“It depends on the situation,” Sgt. Frank Parrish of the Flagler Beach Police Department said, “but nine  times out of 10, an officer goes, if nothing else, to assist. We’ve done that all along. Now, I’m not going to say every time, because sometimes our officers are busy.” But head injuries, falls, “any kind of injury that would indicate something other than a basic illness,” then an officers is dispatched, Parrish said. Flagler Beach at full power has 12 road officers, two or three of whom are on duty on any typical shift. Bunnell Police Chief Jeff Hoffman could not immediately be reached.

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14 Responses for “Flagler Sheriff Deputies Will Respond to Many Medical Calls in Policy Shift Triggered By Death”

  1. Pamala Zill says:

    This policy shift is probably a good idea. However, the dispatcher, IS NOT A TRAINED OFFICER,OR DEPUTY. …So, I would like to know what basis is there for relying solely on a dispatcher’s. Judgement. ? What are credibtheir qualifications and what should those qualifications be? People, you must request to speak with on Officer if you feel it is necessary. This is a policy change as well but, noonee realizes it or the ramifications

  2. tulip says:

    I do not think that the dispatchers should have the responsibility of deciding whether a deputy is needed or not. They are there to take 911 calls and be helpful as possible to the caller and NOT to have to be in the position of “should or should I not” have a deputy sent–this is up to the sheriff’s office.

  3. confidential says:

    Great policy change! Thank you Sheriff Manfre and Under Sheriff Staly.
    I have total confidence that with your experience the dispatchers will receive the proper training required by this new policy. This new policy could mean the difference between life and death of a citizen likewise the case of Mrs Pequeur.

    • Girl says:

      Confidental – Funny – this policy was the one Manfre put in place when in was in in 2000 – now he changing his own policy – good idea right…..

  4. its all bull says:

    Really, why must politics always bring up the priors faults. You are the Sheriff and work for the people. You fix the issues and move forward! No need to waste tax dollars strring up un-needed publicity.

    • FL informed voter says:

      I personally think its a good idea to have the media informing people about policy changes affecting us. How else would we know any changes were made, whether positive or negative? This is the age of information. It’s the only way those of us not working directly for the agency would know.

    • Girl says:

      it all but says – Sounds like its the old Bush fault – going to hear this alot I feel… your right he loves his name in the paper…. buckle up we are in for a bumpy ride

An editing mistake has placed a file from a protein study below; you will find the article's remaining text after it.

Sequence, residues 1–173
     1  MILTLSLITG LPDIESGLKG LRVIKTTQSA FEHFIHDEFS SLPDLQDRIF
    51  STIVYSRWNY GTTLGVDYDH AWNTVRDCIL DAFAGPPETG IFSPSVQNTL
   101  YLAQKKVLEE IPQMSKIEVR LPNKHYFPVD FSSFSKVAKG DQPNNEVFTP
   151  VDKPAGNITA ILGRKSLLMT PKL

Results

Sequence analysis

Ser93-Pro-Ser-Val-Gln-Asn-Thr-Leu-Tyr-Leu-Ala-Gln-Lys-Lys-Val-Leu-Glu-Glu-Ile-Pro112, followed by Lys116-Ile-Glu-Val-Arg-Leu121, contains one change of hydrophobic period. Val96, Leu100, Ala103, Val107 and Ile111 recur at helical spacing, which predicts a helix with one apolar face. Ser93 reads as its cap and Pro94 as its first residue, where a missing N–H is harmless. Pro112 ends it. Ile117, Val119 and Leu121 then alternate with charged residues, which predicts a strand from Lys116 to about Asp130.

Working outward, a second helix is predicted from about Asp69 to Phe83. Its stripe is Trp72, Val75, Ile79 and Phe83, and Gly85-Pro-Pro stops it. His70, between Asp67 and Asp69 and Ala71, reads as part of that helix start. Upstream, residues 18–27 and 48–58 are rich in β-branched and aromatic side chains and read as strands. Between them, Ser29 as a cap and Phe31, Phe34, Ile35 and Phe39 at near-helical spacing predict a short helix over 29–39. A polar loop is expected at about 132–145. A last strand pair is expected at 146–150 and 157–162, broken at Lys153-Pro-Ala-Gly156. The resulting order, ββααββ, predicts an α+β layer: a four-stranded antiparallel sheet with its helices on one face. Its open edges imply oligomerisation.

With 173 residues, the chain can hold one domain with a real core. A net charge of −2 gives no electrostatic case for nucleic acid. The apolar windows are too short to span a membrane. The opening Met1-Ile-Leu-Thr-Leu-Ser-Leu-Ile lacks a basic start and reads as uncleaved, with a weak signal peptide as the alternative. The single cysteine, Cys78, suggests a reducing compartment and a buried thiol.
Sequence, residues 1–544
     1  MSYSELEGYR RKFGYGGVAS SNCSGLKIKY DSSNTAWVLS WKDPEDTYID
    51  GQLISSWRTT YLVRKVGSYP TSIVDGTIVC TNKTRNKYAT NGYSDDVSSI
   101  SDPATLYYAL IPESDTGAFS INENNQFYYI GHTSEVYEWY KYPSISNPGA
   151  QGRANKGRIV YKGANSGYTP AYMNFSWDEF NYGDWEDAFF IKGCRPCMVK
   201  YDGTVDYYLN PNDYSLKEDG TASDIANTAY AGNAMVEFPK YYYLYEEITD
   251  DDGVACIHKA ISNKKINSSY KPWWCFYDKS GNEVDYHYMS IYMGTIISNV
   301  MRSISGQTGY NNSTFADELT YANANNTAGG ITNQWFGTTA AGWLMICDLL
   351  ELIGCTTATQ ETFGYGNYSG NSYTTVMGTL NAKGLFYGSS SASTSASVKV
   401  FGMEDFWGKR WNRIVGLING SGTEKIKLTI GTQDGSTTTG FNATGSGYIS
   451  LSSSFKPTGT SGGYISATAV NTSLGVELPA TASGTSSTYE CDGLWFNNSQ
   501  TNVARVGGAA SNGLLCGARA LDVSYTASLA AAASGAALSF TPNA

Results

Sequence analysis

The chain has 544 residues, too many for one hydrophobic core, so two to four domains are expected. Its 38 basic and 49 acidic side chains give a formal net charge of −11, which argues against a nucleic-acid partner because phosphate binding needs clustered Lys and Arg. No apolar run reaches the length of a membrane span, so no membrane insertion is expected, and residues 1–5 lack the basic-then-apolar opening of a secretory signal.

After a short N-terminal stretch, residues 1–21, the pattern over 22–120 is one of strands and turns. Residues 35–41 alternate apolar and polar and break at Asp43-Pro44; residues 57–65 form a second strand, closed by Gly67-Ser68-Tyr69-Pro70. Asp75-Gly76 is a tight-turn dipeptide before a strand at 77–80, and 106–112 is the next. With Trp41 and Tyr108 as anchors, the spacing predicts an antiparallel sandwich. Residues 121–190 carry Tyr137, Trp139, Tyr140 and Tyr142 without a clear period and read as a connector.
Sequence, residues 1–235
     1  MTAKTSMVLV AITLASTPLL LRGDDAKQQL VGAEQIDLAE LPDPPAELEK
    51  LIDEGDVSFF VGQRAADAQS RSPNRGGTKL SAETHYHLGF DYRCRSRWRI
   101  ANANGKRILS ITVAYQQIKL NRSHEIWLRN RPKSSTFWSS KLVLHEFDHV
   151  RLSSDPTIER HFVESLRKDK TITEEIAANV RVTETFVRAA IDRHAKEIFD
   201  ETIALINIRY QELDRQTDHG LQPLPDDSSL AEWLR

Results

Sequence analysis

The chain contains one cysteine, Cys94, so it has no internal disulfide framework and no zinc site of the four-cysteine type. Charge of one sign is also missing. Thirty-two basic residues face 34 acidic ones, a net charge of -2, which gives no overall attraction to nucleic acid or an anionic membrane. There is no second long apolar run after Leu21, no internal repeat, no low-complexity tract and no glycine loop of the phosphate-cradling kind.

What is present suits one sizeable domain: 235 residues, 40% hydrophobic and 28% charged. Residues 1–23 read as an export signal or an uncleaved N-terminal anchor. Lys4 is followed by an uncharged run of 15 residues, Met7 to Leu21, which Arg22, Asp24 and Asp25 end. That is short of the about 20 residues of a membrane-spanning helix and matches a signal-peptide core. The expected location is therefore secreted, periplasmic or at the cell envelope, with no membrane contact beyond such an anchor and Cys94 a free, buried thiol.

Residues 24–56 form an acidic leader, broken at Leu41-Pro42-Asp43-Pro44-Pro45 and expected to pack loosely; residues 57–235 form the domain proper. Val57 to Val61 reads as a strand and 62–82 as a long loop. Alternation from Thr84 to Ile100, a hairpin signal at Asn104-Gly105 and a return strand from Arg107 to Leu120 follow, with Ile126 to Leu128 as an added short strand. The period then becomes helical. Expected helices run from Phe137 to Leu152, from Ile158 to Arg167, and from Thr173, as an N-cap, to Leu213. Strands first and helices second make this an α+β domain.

5. m&m says:

    You will have to include Dunkin Donut on the call list.

  6. Just diggin says:

    It’s always easy to go back and say…what you should or shouldn’t have done..heck anyone can do that! TRY looking ahead and not behind..come up with your OWN ideas not undermind someone elses.
    When you follow protocol, you are right. CASE CLOSED…

  7. RNYPD says:

    so what changed?

  8. glad fly says:

    the most bizarre stuff happens in this town/county. it’s got to be something in the water.

  9. Flaglerresident says:

    I do not see this as a totally bad idea at all, actually a good one for many reasons. First, in a medical emergency some families can be emotional and excited because their loved ones are injured or sick, so with their presence there, they can be used to calm or control the family while the ems workers do what they need to do, take care of the patient. Secondly, they can then ensure the evidence is persevered as stated in the above article, and then there is not a 6 hour lag time in investigating the alleged crime.

    Now to the incident in the “C” section, rarely does someone fall from a standing position and render an injury life threatening without having significant medical history and not having an underlying medical condition that caused the fall. Medical professionals are taught to think of a differential diagnosis if things are not checking out, clearly they did not fit the bill for a fall from a standing position. Then you have someone next to a roadway unresponsive, well, the immediate thought would be “could a car have hit this patient?” Always error on the side of the worst, especially when symptoms warrant such, and this way the patient gets to a trauma center instead of a clinic immediate care center for sprains and strains.

    A detailed physical exam would have revealed some type of trauma to indicate injuries inconsistent with a fall from a standing position. Secondly, the windshield was broken, there would have been glass shards in her hair/skull, and would have been seen if the ems crew inspected such with a rapid trauma assessment or a detailed physical exam. There was hair in the glass in the photos in the news paper.

  10. deana carmen says:

    So let me get this straight…we like the fact that the new Sheriff is updating policies to make them safer for us and we like that he is transparent and let’s us know what is happening at the Sheriff’s Office BUT we don’t like the fact that he or the Undersheriff have their names in the paper? That just doesn’t make sense. I guess if we went by these guidelines tomorrow’s headlines would read “Someone at the Sheriff’s Office changed something to make it better, but we’re not going to tell you who or what they did.” Does the delivery of a positive change really matter. Stop with the politics already! Manfre is the Sheriff for the next 4 years…get over it ! Be happy that we will not have another incident where a crime goes undetected for hours!